Quinton L. McNeill
The following text was provided by the McNeill family
Biography: Quinton Lee McNeill, “Quint” was born on December 31, 1919. He was the son of James Andrew McNeill and Victoria Kelly and attended local schools through the 10th grade . He then worked as a farm hand. His enlistment record indicates that he had served in the National Guard prior to the war.
Service Time: He enlisted in the Army on September 16, 1940, at Sanford, NC. He was only 20 years old at the time and entered into active service at Fort Jackson, South Carolina. Quint was assigned to Company A of the 630th Tank Destroyer Battalion and trained as an M3 Half-Track Driver. The M3 Half-Track towed an M5 three-inch anti-tank gun and each Tank Destroyer Battalion was comprised of three companies, A, B, and C, with each company having 12 M3s towing the M5s.
The 630th transferred to Camp Rucker in Alabama in June 1943, and while on leave from the unit, Quint married the former Irene Mae Treece, on July 28th, in Coffee County, Alabama. Irene had been born in Greensboro, NC, and was the daughter of Macon Isaiah Treece and Nellie Louise Beck.
Quint and Company A left the United States for deployment in Europe on June 3, 1944, only three days prior to D-Day. Company A was led by Captain John F. Graney. They shipped out of New York City on the Nieuw Amsterdam, a Dutch Ocean Liner that had been converted by the British into a troop transport. The 630th arrived at the Firth of Clyde in Scotland on June 12th, and trained in England while awaiting deployment. The unit eventually boarded LSTs (landing ship tanks) on July 22nd, and disembark on July 24th, on Omaha Beach in Normandy.
Quint and his unit were involved in some of the most intense combat in Northern France, Rhineland, the Seigfried Line, the Hurtgen Forest, and the Ardennes in November and early December 1944. Quint’s and Irene’s firstborn, Quinton Lee, Jr., was born on November 5th. Company A supported the 28th Infantry Division and when the German offensive (which is commonly now known as the Battle of the Bulge) started on December 16th, Company A fought a delaying action with the 109th Infantry toward the South of the area near Stegen, Belgium, according to operational reports. Company A would perform daily contact patrols for the 109th Infantry and it was during one of these patrols that Quint was reportedly captured on Christmas Eve, December 24th.
It was the family’s understanding that Quint’s M3 Half-Track became disabled and he and his crew had to abandon it. They bent down to drink some water in a stream and were surrounded by the Germans. He and the other captured GIs were herded onto railroad cars. Some of these same trains were strafed by Allied fighters. Quint was taken to and imprisoned in Stalag IVB Muhlberg near Dresden, Germany. The only notation in the 630th operational report at the time was the following:
“Full report on Second Platoon Company ‘B’ and two sections of Company ‘A’ not available, due to loss of personnel.”
On January 18, 1945, Quint’s family learned for the first time that he had been MIA (Missing in Action) since December 24th. Quint’s youngest brother Bernie, related the story of their father James, being absent from the house during that winter and their mother Victoria had sent Bernie to find him and summon him back for dinner. Bernie found his father outside near one of the old farming “pack” houses where his father was openly sobbing over Quint’s MIA and possible death or imprisonment. Bernie’s own upcoming enlistment may have been part of the sadness as well. It was the only occasion during his life that Bernie witnessed his father sobbing. Bernie said that when he saw and heard his father crying, he quietly returned to the house and told his mother and nothing more was said.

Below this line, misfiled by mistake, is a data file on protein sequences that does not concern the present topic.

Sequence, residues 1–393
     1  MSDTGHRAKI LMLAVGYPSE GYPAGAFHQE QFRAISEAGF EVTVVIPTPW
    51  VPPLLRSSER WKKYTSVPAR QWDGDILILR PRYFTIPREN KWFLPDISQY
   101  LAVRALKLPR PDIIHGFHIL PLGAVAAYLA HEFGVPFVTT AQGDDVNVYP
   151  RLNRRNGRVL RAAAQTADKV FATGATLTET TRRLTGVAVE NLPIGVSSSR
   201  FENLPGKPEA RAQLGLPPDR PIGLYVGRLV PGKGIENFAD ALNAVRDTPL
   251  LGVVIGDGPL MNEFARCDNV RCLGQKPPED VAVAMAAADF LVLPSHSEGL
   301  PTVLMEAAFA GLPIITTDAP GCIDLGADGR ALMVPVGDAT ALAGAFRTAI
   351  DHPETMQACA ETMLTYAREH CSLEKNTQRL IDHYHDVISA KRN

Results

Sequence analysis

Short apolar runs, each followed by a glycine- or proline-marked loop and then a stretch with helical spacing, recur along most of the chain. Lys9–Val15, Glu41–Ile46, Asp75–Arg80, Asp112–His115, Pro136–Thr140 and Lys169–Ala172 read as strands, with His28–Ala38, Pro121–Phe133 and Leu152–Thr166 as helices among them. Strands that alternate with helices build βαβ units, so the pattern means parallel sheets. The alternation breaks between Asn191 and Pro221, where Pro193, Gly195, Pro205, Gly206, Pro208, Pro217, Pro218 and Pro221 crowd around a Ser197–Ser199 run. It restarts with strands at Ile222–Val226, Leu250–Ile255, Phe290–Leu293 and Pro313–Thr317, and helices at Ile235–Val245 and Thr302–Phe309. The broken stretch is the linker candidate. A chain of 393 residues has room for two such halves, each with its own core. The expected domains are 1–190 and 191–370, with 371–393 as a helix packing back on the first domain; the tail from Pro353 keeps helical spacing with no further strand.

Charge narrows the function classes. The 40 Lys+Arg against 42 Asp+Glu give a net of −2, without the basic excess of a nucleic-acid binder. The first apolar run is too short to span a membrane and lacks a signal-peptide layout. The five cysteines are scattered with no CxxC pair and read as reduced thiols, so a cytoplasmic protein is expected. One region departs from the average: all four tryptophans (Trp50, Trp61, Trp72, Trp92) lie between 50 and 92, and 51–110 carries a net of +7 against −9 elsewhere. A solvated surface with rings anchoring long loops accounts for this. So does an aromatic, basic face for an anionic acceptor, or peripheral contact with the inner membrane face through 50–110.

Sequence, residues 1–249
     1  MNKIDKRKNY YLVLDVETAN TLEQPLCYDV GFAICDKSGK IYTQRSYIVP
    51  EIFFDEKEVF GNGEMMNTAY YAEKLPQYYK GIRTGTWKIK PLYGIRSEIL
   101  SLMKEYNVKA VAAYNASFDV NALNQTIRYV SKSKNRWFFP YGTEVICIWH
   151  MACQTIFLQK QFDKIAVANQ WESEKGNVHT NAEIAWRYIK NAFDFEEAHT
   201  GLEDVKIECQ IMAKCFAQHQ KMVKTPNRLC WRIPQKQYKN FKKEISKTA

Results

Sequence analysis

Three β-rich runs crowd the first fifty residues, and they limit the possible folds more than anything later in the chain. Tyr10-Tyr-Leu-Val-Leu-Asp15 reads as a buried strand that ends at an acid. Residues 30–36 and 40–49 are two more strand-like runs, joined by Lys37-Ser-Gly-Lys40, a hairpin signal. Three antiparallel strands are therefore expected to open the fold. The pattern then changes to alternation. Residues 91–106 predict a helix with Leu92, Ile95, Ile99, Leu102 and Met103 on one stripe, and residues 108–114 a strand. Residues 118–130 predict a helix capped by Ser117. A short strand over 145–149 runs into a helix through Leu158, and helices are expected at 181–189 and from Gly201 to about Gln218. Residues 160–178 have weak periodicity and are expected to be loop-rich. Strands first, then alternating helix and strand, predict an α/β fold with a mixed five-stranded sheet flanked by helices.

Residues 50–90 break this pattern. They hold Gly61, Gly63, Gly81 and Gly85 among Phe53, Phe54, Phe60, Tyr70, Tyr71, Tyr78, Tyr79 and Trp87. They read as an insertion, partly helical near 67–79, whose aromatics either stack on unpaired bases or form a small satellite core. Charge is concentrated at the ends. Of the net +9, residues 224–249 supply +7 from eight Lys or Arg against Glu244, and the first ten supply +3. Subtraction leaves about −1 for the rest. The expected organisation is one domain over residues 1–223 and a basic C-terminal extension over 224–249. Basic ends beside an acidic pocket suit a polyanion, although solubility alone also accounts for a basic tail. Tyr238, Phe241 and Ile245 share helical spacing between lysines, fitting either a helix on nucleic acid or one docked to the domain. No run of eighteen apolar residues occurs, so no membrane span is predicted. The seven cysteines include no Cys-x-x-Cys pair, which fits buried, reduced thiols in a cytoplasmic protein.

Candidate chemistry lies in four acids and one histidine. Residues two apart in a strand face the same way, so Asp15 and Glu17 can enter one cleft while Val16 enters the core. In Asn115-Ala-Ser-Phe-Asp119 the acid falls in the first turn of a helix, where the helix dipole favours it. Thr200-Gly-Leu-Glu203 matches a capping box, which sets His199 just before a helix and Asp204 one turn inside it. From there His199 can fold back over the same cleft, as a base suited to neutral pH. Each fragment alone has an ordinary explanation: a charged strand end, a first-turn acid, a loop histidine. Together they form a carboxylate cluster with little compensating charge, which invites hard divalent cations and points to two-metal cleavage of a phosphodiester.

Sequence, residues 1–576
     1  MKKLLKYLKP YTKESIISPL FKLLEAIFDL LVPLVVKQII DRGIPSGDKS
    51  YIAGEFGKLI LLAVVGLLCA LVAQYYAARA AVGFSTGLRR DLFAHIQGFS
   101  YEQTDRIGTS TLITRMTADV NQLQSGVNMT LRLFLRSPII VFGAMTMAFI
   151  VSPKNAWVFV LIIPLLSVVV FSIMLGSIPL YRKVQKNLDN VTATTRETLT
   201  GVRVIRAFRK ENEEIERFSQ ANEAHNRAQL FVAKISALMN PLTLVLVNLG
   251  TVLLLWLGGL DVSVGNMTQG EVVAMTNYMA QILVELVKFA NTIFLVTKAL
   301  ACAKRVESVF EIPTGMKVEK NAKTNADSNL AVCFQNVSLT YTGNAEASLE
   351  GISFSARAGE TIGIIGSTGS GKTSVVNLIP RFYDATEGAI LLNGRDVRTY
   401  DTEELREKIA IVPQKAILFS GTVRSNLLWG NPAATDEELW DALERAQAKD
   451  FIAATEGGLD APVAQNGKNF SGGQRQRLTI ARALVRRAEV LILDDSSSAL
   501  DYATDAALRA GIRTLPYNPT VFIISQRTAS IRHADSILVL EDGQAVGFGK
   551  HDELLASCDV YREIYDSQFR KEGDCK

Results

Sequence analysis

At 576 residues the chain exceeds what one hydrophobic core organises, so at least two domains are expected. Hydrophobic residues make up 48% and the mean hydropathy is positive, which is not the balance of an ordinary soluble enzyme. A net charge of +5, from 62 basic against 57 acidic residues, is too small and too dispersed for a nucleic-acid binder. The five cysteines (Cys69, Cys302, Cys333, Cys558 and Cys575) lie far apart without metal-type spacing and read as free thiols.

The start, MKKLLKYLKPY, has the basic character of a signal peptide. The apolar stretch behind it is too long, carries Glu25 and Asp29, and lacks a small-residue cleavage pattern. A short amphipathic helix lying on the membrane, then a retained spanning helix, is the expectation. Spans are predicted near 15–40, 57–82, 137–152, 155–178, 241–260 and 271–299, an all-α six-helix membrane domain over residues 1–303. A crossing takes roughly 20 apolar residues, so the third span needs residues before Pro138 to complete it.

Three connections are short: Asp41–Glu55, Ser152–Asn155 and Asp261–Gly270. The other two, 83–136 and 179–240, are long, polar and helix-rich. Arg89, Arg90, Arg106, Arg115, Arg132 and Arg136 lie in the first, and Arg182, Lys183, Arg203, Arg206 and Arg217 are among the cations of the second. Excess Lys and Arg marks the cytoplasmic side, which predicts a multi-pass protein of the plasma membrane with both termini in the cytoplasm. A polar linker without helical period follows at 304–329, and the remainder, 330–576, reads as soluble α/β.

Quint and other Allied prisoners were liberated from Stalag IVB Muhlberg on April 12, 1945. He received a Purple Heart on May 17th, after he was liberated from the German prison camp for being wounded during the Battle of the Bulge campaign. Following his liberation, Quint was hospitalized in an Army Hospital in Paris due to malnutrition, as he weighed less than 100 pounds and had nearly died from starvation in the prison camp. He wrote to Irene and family on April 29th, and informed all that he would recover. He returned to the United States on June 16th and was discharged honorably on October 31st, returning to Irene and his McNeill family in Broadway, North Carolina. He had earned the EAME (European, Africa, Middle Eastern) Theater Medal with four Bronze Service Stars and left the service at the rank of Sergeant.
Now back in Broadway, he found work as a Civil Service worker at the Fort Bragg, Army Base in Fayetteville, NC. In addition to his son born while he was overseas the family would welcome a daughter Janice born in 1947. Quint was a member of the Broadway United Methodist Church. Quint passed away on November 2, 2001, and was buried in the Broadway Town Cemetery in Broadway.
I want to thank Quint’s nephew Barry, for providing the information and photo of Quint and Irene used in this tribute. Thank you also to Find A Grave contributor SGM B. Horne, for the use of the grave marker photo.